Rahul at Tuglaq Lane: Out of bounds for most.

Rahul at Tuglaq Lane: Out of bounds for most.

The distance between Akbar Road and Tughlaq Lane; Rahul circled

Insiders ready to fight off the outsiders around Rahul; Left ideas harmed party

Agency Report | New Delhi | 29 May, 2019 | 11:30 PM

A mood of despair prevails in the Congress headquarters at 24 Akbar Road. More than anything else, it is Rahul Gandhi's inner circle, an elite coterie of outsiders, which is being silently opposed by the rank and file of the party.

On top of the list figures the name of Rahul’s close aide Alankar Sawai, a former ICICI Bank official who helps the party President in documentation, research and in suggesting ideas on political strategy. “Alankar wields tremendous clout in the party. Rahul might ignore the advice of senior leaders, but usually pays attention to Alankar’s inputs. All Congress Chief Ministers and even Ahmed Patel give him importance,” said a party functionary.

The leaders who often fail to seek appointment with Rahul Gandhi blame Kaushal Vidhyarthi or K. Raju when they find all the doors closed for them. The common perception is that the coterie serves as a wall between the leader and his loyal followers. An Oxford returnee, Vidyarthi became close to Rahul after his private secretary Kanishka Singh was sidelined following the party’s 2014 poll debacle.

Then came K. Raju, an ex-IAS officer. “We have no complaint against Rahul ji. He has been always kind to us. Lekin ye darbari hame unse milne nahi dete (these courtiers do not allow us to meet him),” revealed a visibly angry MLA from Rajasthan who was seen at the party office on Tuesday.

The old guard which sits at 24 Akbar Road is hardly welcomed at Rahul’s official residence at 12 Tuglaq Lane in New Delhi. “Kishore Upadhyay and V George were stenographers here (Akbar Road) in this office like me. They were handpicked by Rajiv Gandhi and had performed better than these outsiders. They were well versed with Congress culture and its spirit,” said a mid-level functionary of the AICC working at the headquarters for the past 35 years.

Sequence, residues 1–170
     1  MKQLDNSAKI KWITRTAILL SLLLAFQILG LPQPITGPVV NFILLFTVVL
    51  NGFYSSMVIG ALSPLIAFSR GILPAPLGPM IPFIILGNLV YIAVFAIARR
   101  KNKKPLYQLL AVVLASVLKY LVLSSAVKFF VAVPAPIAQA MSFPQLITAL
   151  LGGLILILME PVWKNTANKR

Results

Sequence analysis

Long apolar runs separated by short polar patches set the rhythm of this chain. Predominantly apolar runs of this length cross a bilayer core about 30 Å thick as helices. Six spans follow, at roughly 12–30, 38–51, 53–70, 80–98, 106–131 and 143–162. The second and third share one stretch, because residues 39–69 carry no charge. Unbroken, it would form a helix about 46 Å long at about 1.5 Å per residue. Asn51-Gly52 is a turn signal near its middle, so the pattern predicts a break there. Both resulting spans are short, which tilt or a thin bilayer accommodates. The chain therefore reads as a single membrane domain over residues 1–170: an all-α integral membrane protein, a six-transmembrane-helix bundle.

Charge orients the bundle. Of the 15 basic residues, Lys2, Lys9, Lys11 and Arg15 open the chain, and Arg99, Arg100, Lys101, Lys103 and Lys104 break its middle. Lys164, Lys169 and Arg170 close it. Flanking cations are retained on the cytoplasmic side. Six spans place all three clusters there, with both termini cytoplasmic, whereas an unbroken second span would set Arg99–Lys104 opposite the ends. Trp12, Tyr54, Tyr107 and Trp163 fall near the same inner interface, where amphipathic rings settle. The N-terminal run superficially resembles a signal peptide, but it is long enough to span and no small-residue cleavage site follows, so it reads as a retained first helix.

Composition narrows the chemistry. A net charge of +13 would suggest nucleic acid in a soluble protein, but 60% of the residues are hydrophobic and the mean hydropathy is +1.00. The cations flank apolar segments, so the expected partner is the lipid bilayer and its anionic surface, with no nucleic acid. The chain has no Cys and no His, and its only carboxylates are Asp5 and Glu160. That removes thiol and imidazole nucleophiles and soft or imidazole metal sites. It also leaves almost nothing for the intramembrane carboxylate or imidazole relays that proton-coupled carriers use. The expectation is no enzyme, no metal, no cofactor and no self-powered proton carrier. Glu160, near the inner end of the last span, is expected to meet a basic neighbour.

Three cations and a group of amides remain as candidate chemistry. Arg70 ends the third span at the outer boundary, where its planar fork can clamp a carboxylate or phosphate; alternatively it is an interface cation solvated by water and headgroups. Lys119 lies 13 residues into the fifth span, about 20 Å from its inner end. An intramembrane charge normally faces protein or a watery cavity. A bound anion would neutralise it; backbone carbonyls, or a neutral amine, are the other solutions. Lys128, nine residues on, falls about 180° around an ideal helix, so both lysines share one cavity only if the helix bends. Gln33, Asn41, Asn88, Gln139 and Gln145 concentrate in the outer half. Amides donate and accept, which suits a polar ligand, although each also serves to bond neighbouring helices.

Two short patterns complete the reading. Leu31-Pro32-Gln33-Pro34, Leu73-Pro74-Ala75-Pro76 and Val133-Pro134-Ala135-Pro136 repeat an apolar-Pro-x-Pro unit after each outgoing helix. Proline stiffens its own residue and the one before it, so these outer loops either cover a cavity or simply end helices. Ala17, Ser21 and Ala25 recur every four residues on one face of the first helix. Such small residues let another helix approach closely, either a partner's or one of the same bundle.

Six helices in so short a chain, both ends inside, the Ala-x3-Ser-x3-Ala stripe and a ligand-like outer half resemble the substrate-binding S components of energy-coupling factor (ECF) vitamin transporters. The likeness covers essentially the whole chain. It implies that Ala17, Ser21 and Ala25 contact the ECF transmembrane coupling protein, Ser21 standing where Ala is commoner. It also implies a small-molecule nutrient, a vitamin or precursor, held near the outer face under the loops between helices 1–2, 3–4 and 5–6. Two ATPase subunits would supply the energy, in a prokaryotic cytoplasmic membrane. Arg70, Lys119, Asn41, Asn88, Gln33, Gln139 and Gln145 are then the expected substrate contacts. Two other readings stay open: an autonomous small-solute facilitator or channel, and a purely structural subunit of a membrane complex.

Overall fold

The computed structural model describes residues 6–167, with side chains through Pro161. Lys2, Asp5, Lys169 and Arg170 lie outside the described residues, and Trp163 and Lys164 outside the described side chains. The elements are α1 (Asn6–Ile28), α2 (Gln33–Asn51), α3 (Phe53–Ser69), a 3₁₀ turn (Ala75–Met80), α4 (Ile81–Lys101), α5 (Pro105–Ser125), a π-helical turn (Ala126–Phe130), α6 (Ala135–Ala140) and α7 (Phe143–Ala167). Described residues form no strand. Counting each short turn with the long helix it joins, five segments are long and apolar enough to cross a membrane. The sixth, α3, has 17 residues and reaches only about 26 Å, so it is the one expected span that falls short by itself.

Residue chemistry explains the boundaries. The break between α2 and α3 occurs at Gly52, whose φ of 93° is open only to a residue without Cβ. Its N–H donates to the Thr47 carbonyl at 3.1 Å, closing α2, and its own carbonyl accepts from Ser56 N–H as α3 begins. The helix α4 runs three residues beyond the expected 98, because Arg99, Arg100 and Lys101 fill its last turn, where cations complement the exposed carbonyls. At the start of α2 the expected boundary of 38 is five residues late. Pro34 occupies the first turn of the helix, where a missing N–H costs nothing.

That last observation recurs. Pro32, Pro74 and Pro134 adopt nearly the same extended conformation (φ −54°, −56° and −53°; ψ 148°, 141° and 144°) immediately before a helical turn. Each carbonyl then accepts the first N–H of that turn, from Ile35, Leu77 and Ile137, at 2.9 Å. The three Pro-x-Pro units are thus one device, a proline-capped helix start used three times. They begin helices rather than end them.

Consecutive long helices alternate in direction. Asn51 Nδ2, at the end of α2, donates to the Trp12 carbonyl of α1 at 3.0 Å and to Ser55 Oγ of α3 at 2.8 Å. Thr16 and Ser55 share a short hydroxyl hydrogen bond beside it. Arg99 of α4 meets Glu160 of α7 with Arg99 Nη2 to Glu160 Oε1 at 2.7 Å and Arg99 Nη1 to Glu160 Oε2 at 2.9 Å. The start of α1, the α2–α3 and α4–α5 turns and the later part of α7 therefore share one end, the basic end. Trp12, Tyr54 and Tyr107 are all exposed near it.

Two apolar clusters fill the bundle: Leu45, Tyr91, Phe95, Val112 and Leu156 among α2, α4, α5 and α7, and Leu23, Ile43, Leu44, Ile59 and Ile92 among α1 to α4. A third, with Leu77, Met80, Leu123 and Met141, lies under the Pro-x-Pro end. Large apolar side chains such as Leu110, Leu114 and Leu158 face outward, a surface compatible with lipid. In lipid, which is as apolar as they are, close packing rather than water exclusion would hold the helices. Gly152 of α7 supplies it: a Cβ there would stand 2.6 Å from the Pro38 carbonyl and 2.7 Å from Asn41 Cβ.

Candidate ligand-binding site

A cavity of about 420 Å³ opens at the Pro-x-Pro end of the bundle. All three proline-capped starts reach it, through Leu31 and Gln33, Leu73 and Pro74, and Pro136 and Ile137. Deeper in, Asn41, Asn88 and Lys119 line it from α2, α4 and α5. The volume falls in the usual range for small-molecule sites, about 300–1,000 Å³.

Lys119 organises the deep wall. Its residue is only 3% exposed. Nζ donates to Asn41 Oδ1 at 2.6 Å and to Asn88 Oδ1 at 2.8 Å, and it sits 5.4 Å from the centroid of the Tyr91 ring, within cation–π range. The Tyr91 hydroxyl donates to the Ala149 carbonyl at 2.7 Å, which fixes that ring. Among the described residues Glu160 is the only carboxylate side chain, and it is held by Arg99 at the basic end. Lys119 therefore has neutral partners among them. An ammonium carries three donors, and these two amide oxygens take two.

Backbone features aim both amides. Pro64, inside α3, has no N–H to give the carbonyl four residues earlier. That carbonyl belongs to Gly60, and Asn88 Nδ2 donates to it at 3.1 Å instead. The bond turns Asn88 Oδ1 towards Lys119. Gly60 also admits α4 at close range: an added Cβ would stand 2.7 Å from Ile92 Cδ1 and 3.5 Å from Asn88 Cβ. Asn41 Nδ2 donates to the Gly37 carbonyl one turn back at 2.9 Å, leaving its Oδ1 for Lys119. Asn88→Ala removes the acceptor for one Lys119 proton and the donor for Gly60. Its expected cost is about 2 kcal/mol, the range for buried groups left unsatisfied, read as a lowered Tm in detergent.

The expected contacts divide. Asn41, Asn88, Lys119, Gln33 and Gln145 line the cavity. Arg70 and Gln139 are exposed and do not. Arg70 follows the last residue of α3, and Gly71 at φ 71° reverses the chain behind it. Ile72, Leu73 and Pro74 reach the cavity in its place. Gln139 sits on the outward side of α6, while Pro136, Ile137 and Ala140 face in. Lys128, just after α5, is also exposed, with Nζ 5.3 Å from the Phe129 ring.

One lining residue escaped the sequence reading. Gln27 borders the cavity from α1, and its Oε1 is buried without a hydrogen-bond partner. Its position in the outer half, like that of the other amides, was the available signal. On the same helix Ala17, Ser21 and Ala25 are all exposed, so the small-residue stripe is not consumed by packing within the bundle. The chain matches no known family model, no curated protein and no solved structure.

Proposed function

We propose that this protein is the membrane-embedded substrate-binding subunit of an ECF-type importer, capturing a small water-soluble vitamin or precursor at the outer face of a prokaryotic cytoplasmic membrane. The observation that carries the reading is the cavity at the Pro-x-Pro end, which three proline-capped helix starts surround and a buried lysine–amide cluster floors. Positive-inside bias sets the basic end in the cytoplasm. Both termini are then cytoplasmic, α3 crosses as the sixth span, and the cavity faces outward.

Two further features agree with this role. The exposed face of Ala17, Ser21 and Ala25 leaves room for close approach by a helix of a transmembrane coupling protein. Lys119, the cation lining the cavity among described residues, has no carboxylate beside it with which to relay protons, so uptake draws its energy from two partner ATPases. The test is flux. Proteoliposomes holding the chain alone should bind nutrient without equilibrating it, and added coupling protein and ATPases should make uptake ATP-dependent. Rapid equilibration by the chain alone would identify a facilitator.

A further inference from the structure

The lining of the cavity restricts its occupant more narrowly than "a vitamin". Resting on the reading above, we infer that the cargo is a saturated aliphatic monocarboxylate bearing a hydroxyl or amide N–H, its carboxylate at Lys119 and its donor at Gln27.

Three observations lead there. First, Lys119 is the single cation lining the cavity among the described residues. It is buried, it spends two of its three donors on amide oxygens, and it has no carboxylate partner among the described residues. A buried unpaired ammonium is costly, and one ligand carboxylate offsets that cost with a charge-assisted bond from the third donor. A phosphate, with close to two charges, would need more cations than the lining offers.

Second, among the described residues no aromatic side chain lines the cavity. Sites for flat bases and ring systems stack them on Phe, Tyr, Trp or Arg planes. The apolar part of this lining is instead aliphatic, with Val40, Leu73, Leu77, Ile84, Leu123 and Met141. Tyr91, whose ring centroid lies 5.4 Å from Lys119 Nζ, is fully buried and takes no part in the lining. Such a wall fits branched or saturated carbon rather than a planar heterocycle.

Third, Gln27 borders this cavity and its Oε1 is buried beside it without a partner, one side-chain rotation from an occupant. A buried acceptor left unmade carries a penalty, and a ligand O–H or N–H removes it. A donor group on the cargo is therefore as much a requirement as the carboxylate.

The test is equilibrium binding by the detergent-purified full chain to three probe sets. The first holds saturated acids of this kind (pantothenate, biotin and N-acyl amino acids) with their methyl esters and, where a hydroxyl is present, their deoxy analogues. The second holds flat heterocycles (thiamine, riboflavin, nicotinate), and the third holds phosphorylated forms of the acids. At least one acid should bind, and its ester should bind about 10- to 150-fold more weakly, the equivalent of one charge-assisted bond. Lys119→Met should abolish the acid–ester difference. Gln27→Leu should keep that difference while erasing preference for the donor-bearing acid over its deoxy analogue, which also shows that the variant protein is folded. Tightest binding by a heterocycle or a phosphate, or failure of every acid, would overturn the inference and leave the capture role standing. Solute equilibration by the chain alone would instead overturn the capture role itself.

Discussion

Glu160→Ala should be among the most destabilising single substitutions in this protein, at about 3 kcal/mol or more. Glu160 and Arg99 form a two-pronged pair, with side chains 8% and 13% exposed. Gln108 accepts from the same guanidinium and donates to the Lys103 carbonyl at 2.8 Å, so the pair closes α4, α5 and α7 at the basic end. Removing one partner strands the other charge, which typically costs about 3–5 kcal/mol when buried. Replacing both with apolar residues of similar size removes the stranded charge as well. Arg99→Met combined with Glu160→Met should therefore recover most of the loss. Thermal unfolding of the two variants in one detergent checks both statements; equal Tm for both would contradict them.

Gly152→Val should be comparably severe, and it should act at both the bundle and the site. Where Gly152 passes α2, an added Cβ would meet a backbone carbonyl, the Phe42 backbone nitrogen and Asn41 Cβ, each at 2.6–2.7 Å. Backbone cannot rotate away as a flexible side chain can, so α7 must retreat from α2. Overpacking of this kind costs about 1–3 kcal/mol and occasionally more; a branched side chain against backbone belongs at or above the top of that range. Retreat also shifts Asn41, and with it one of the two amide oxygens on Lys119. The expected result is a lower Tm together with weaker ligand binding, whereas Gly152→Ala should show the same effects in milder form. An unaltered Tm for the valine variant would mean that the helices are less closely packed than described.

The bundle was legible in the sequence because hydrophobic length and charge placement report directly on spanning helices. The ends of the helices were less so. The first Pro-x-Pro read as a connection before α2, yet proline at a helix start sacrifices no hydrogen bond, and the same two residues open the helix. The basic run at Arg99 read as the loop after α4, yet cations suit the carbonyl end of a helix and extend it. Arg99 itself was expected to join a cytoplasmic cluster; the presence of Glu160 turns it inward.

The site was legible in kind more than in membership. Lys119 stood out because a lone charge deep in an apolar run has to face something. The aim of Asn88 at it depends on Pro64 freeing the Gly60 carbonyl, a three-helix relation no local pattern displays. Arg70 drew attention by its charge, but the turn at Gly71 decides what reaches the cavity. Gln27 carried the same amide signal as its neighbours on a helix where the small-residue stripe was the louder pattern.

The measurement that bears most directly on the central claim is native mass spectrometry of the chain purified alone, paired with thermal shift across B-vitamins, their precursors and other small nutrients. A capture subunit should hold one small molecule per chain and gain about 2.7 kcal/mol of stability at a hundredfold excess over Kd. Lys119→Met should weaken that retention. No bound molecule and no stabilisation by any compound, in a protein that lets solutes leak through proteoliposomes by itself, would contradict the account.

The party cadre and some of the second-rung leaders are of the view that several key persons in Rahul’s inner circle have an inclination towards communist ideology. For instance, Sandeep Singh, considered an outsider in the party. He was earlier linked to the All India Students Association (AISA) which is known for its association with the communists. As a student leader of JNU, Sandeep showed black flags to the then Prime Minister Manmohan Singh in 2005. He is currently one of the political advisors to Rahul and is seen as the one who helps in drafting speeches for Rahul as well as Priyanka.

“One of the incidents which affected Congress party’s nationalist image was Rahul’s visit to JNU in support of Kanhaiya Kumar. If someone is surrounded by Left-leaning aides, then such incidents (the one at JNU) are bound to happen, harming the party’s impeccable image. Even Mark Tully (veteran journalist) in one of his articles had suggested that Congress should have a majority view instead of falling in the trap of being dubbed as a party of the minorities,” said a former National Secretary of the Congress.

Former bureaucrat Dhiraj Srivastava, investor banker Praveen Chakraborti, Michigan Business School graduate Sachin Rao and a former SPG officer, K.B. Byju, are the other members of Rahul’s coterie who are perceived as outsiders by the old guard.

It seems that while the leadership crisis continues to bother the UPA Chairperson Sonia Gandhi, there could be a change in the office of the party President, in view of the resentment prevailing against the “outsiders”, particularly for those having an inclination for the Left ideology. (IANS)